31 March 2010

Reading (and listening) list

Hey, you know who was on the CBC's Q radio show on Monday? Usher. You know who was on today? Me. Thus ends the list of things I have in common with Grammy-winning pop stars.

The subject of my chat with host Jian Ghomeshi: travel. Specifically: why I like the beaten path, why I take not-so-flattering photos, and other topics you might have heard once or twice on this here blog. And I defended tourists. Yes, you. All of you. You're welcome.

Click here to listen to the podcast. (Look for the Q podcast listing for Shirin Neshat, the more famous person who was also on today.  My segment starts around the 41-minute mark.)

In other news, Lee suggested that I start posting some of my reading list as I do background research for the book. The man's full of good ideas. (For those just joining the fun, such as anyone who came here after hearing me on the CBC [hello], click here for an introduction to Lee and to judge for yourself the truth of the preceding sentence.) 

So, I will. Before I get to the books I've read, or plan to read, here are some good, pertinent articles that I've read lately. (I'm skipping ones that I've already linked in other posts.) 

Twilight of the Travel Guidebook? by David Page on Travelers Notebook (via World Hum)
Page, a guidebook writer himself, notes that smartphones, combined with web sites like TripAdvisor and Yelp, have begun to make guidebooks obsolete. I see his point, although I do think that that most people still appreciate the curated-by-an-expert aspect of guidebooks, not to mention the fact that we're still a ways from being able to get reliable cell phone service everywhere (to which I say: thank goodness).

Tourist Traps Worth a Visit by Peter Jon Lindberg in Travel + Leisure
Lindberg is up for a National Magazine Award this year, and this was one of the nominated columns. The headline kind of says it all, and Lindberg takes what in lesser hands could be a contrarian-but-not-insightful rant and makes it pretty darn convincing, layering on one astute (and often amusing) anecdote after another to build his case. 

25 March 2010

Not-So-Flattering Views: The Audio Slideshow!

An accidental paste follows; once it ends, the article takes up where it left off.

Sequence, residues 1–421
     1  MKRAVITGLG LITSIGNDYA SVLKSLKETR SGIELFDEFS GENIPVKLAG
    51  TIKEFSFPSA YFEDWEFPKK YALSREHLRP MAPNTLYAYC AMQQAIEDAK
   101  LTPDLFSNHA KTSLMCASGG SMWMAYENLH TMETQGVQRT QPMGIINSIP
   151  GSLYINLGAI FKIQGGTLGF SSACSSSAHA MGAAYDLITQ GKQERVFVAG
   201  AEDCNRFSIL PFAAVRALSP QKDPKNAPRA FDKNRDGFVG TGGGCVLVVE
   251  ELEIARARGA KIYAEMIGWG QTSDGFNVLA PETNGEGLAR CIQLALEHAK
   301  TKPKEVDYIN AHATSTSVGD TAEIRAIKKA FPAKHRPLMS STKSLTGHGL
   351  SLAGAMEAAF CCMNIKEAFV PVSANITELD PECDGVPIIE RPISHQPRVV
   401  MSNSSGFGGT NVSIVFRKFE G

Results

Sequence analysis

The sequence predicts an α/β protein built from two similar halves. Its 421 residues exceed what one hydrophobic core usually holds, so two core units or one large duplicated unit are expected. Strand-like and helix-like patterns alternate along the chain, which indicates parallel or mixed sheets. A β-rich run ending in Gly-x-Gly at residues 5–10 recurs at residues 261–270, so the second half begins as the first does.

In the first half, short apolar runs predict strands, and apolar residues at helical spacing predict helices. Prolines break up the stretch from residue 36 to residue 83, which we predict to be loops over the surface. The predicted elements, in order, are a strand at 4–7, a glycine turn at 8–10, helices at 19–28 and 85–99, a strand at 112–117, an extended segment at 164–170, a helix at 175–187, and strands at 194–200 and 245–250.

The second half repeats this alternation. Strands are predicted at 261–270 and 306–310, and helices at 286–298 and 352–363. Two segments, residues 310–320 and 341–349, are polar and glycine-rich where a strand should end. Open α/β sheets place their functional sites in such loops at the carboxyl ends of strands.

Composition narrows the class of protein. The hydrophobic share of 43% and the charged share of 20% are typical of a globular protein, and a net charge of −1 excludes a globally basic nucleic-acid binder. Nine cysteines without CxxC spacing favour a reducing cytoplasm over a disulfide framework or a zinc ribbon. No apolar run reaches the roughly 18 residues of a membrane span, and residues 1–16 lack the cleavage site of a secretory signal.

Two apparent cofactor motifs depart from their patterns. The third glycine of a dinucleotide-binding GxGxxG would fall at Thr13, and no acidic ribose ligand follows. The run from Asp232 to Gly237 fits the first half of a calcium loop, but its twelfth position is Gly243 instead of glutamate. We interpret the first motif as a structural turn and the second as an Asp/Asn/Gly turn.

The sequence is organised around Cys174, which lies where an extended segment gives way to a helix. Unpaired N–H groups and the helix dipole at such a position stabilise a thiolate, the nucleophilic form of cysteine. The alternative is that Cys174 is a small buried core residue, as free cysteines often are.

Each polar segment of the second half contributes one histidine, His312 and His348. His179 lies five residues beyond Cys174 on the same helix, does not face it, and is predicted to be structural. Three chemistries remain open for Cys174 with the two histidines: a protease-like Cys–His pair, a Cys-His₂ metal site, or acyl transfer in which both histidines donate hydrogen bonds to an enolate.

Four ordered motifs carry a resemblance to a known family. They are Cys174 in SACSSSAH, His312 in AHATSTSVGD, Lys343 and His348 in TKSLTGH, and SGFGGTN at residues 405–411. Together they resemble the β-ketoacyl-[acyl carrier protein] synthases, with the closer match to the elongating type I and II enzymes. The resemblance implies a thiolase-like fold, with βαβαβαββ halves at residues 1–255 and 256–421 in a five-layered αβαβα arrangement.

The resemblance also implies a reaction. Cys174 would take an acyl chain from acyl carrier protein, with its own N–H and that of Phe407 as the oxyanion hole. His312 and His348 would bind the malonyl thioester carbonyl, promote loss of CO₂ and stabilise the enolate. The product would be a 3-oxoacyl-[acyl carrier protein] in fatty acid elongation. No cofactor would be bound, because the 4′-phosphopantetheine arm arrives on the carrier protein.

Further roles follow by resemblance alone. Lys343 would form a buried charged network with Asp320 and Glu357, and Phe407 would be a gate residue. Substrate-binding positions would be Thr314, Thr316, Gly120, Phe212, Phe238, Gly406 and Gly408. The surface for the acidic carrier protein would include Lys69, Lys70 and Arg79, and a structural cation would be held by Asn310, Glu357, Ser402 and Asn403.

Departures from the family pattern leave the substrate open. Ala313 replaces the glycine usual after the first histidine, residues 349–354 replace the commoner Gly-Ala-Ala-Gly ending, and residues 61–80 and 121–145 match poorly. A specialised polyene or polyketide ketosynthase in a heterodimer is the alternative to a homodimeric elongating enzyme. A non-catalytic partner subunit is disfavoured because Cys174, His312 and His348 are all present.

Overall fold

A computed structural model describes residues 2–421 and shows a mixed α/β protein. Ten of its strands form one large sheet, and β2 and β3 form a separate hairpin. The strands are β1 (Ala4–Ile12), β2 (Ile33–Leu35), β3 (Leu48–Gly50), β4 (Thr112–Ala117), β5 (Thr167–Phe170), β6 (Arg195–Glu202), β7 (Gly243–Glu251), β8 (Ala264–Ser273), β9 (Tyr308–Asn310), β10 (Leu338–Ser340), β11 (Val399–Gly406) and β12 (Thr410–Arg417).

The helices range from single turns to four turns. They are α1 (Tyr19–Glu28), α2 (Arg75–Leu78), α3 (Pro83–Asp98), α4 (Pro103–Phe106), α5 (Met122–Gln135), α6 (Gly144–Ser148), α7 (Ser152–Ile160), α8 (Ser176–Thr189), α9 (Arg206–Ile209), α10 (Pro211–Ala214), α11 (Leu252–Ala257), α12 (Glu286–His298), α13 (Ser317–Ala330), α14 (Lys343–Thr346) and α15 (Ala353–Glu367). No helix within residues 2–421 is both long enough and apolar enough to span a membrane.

That's right, the ever-popular gallery of Not-So-Flattering Views of Famous Landmarks has hit the big time. Specifically, World Hum. Watch the audio slideshow here. Oh-so-insightful commentary! Oh-so-not-so-flattering pictures! Now with special bonus Manneken Pis quips!

Coming soon: Not-So-Flattering Views of Famous Places: The Musical! With elaborate Busby Berkeley-style numbers featuring a chorus line of soft-shoe-shuffling, camera-toting, guidebook-reading, white-sock-wearing, Irish-pub-patronizing, "Speak English?"-asking Tourists

Hey, if "Cats" can make it ... 

22 March 2010

Not-So-Flattering Views of Famous Places: Venice

Oh, sure, it looks pretty enough in the photo. Delightfully historic buildings. Placid canal. Ornate wrought iron railing on the bridge adding some visual contrast to the surrounding rectilinear forms. The bright blue of the gondola catching your eye, a delightfully dissonant counterpoint to the yellow/beige of the buildings. ... The Hard Rock Cafe in the background.

Yep. Hard Rock Cafe. This is one of those rare not-so-flattering photos where it's the details, not the broader shot, that makes it all the less flattering.  Here's the close-up:

The American Dream and the freelance writer

I try to keep this apolitical. This is a travel blog, and, frankly, the world doesn't need another pundit. I want the discussion here to be about travel, and I'm wary of getting off-topic (as when I incurred the wrath of the Esperanto people, to whom I say, please, Bonvolu las mi sole).  But I'm going to bend my self-imposed roles for second here, because,  quite frankly, it's incredibly stupid that the health care debate here in the U.S. was considered such a political one. Even the weird libertarian side of me, which sometimes pops up to keep my lefty tendencies honest, thinks universal health care is just implicitly logical and important in every way; it's a matter of moral, business, and common sense. And this needs to be said; my story needs to be told: 

We're going to hear a lot of griping from health care foes in the coming days. But here's one guy's story that you can tell them, proof of why this legislation matters.

This will literally and profoundly change my life. Millions of others, too. But let's use me as a case study, shall we?

I was diagnosed with Crohn's Disease in 1993. I was 12 years old. I'll spare you the full details of what that entails, but basically it causes massive inflammation of the colon, which is every bit as fun as it sounds. It's often just not a big deal, not at all factor in life ... but when it is, wow. The technical term is, I believe, "severefuckingpain." I've had kidney stones; those seem easy in comparison.